WarMaiden
02-03-2009, 01:24 PM
I'm wondering, though, about the changes to my muscles which started becoming very evident within just two to four weeks of training. I'm still very obese, of course, but for example--my triceps muscle and shoulder muscles started being very visible when I flex or when I'm just doing my daily activities. My arms overall and lower body have become FAR more firm, also--to sight and to touch.

Doesn't that mean that I am actually building muscle? What else would explain them becoming more obvious--"bulking up" to the naked eye?

Daimere
02-03-2009, 01:36 PM
ok...i know i always weighed more when my legs were really sore...what about arms?? They retain fluids to when their sore from working out, don't they?? Cause i'm up another pound since yesterday morning and i did a pretty good work out on my arms last night. I also ate a little heavier meal than usualy (carbs) but i also excersize on the elliptical for 20 minutes after my arms work out.

Yes, they will still retain water. It's a "problem" weighing in after your legs day because your legs are part of your largest muscle groups. They will retain more water just because there is more muscle. I think I explained that decently. :p

JayEll
02-03-2009, 01:46 PM
I think there is a difference between muscle definition and muscle bulk. If you use muscles, they become more defined, that is, they tone up, their shape changes. And with repeated use, they also become larger. That's what you're probably seeing in 2 to 4 weeks.

Is it a pound of muscle? Well, it could be more than that if you have been working out vigorously.

So the change in your weight is a combination of fat loss, water weight (up or down), and lean body mass change (up or down). That's why I think body fat % is so important.

Jay

lumifan4ever
02-03-2009, 04:10 PM
daimere...i think you explained that just fine. And i think that we are thinking the same thing. When you work out your legs, they are a much larger muscle and so they retain a much larger amount of fluids...up to possibly 5 pounds. But the arms, much smaller muscles, will retain fluids but much less..possibly up to 1 or 2 pounds. I believe that may be correct. If i am wrong, someone please let me know. I know that reasoning makes me feel better about being up another pound this morning. And all i know is that i am definately going to drink my water, and excersize and stay on plan today and tomorrow and hope that the weight goes back down (which i'm sure it will).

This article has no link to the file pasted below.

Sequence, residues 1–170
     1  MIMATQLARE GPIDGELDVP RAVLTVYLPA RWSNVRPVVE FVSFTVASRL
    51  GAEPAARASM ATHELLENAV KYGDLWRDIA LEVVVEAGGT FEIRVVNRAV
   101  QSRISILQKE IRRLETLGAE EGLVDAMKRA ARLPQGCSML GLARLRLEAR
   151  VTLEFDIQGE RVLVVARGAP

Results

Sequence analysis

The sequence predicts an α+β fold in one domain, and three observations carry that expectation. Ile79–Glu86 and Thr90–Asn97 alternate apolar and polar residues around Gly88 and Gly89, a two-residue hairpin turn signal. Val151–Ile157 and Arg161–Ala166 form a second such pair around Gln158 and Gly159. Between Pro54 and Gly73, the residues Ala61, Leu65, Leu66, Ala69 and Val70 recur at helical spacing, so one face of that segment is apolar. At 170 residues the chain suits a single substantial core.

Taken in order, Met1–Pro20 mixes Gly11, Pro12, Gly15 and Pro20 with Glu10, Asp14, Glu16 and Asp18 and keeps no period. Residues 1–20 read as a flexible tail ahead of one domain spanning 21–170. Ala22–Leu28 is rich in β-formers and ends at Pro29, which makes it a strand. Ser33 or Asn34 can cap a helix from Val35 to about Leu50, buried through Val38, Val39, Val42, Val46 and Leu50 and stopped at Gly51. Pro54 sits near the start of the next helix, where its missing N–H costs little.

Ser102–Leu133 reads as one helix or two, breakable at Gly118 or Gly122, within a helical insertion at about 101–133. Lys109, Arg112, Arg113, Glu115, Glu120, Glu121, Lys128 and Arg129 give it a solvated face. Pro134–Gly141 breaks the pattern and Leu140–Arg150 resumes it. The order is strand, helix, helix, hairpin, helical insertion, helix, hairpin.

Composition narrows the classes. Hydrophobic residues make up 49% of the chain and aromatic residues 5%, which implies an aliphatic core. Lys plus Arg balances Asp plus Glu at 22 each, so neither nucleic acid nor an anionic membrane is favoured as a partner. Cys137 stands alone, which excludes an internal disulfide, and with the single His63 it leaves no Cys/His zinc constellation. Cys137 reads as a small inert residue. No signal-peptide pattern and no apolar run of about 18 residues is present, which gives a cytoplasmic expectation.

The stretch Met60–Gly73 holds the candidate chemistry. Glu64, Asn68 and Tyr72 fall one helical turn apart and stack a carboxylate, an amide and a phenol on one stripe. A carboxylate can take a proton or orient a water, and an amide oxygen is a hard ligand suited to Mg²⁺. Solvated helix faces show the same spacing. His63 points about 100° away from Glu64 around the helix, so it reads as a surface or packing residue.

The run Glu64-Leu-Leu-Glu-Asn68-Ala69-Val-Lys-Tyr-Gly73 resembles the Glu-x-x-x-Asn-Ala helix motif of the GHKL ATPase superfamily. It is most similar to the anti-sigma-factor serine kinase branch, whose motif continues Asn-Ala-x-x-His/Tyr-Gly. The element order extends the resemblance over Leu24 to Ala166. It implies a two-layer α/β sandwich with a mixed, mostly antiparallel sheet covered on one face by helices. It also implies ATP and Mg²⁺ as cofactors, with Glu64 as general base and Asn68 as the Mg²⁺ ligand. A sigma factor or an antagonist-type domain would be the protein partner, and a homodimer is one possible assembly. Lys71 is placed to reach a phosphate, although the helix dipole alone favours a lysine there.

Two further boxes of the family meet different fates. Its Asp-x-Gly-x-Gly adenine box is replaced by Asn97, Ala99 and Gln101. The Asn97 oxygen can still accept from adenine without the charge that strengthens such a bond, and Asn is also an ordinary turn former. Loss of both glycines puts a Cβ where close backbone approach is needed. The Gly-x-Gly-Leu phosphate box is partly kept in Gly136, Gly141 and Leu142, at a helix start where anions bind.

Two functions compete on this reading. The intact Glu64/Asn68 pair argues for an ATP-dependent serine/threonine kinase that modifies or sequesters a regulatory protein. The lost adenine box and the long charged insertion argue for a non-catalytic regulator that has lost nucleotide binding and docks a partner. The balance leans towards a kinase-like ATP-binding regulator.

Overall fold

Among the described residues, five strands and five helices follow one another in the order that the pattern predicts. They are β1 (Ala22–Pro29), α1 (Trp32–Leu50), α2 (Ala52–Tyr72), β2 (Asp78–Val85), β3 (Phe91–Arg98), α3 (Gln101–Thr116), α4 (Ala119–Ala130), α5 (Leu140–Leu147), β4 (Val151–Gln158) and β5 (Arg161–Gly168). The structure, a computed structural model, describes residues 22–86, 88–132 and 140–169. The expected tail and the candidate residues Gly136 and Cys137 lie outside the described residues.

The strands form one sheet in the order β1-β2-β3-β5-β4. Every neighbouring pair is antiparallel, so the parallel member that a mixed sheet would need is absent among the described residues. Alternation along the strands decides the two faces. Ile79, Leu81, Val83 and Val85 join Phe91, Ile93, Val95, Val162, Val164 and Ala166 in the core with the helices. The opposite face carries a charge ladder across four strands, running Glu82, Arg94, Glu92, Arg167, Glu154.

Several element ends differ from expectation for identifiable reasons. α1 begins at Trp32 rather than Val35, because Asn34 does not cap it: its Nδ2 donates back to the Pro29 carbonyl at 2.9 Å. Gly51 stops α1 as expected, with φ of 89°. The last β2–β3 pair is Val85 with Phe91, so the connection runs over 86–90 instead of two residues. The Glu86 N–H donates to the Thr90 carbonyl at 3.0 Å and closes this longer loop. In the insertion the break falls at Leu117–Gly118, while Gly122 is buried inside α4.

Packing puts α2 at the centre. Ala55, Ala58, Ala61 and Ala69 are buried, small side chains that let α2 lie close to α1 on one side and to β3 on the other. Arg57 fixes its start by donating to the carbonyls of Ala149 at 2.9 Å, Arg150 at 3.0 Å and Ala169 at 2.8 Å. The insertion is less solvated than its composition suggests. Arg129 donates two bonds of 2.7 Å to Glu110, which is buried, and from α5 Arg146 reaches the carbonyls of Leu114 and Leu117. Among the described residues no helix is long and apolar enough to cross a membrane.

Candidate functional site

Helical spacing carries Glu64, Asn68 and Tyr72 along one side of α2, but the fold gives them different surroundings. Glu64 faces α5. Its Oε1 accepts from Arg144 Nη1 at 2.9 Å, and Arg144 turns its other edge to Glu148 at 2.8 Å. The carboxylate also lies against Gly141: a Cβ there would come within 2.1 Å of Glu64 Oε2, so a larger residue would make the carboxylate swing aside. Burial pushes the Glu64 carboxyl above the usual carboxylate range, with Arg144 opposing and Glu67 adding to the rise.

Eves
02-03-2009, 05:37 PM
Also, remember that as the fat around the muscle goes away you can see them better!

EZMONEY
02-03-2009, 11:15 PM
FACT or MYTH? ~

Jen will do her second 5K faster than her first.....

Waiting for the results.....;)

srmb60
02-04-2009, 01:01 AM
Fact!

Jen415
02-04-2009, 10:17 AM
FACT or MYTH? ~

Jen will do her second 5K faster than her first.....

Waiting for the results.....;)

Gosh thanks, y'all!! <blush>

I sure hope my second 5K is faster than my last....turtles are faster! ROFL

srmb60
02-04-2009, 02:48 PM
This turned out to be a pretty informative thread!

Jen415
02-04-2009, 03:47 PM
It sure did! :)

FB
02-04-2009, 04:03 PM
Thanks Jen, I had fun! :)

redlight
02-05-2009, 02:12 AM
Actually a cubic inch of muscle weighs more than a cubic inch of fat.

aware210
02-05-2009, 03:06 AM
a pound is a pound but muscle weighs more than fat. hard to wrap your mind around i guess lol. but lets see if it can get clearer..
muscle does not weigh more than fat..becasue clearly a pound of fat and a pound of muscle both weigh a pound

BUT a pound of fat, will occupy more space than a pound of muscle, therefore if you have a set of fat and a set of muscle, that both occupy the same volume of space, then the muscle will weigh more than the fat

like a bowling ball weighs more than a blow up ball of the same size and shape.. right?

JayEll
02-05-2009, 08:04 AM
Yep! That's it! :cheer2: Good analogy, Aware210.

Jay

mayness
02-05-2009, 04:00 PM
a pound is a pound but muscle weighs more than fat. hard to wrap your mind around i guess lol. but lets see if it can get clearer..
muscle does not weigh more than fat..becasue clearly a pound of fat and a pound of muscle both weigh a pound

BUT a pound of fat, will occupy more space than a pound of muscle, therefore if you have a set of fat and a set of muscle, that both occupy the same volume of space, then the muscle will weigh more than the fat

like a bowling ball weighs more than a blow up ball of the same size and shape.. right?

Yup... and that's what everyone means when they use that phrase... which is why I've always wondered why all of the "a pound is a pound" ****s will instantly correct anyone who says it. :dizzy: (I love you guys.. I really do.. it's just one of my pet peeves! And I'm not just referring to these forums.) I sure don't say it anymore, lol.

JayEll
02-05-2009, 04:13 PM
mayness, I think it's because a lot of people say, "A pound of muscle weighs more than a pound of fat." And that's wrong. :)

The right way to say it is that a pound of muscle is smaller in size than a pound of fat.

And around it goes! :rofl: :crazy:

Jay